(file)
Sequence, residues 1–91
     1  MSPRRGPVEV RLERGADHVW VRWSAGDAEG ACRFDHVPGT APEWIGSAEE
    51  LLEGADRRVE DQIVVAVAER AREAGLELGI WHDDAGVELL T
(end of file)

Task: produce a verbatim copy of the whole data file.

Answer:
Sequence, residues 1–91
     1  MSPRRGPVEV RLERGADHVW VRWSAGDAEG ACRFDHVPGT APEWIGSAEE
    51  LLEGADRRVE DQIVVAVAER AREAGLELGI WHDDAGVELL T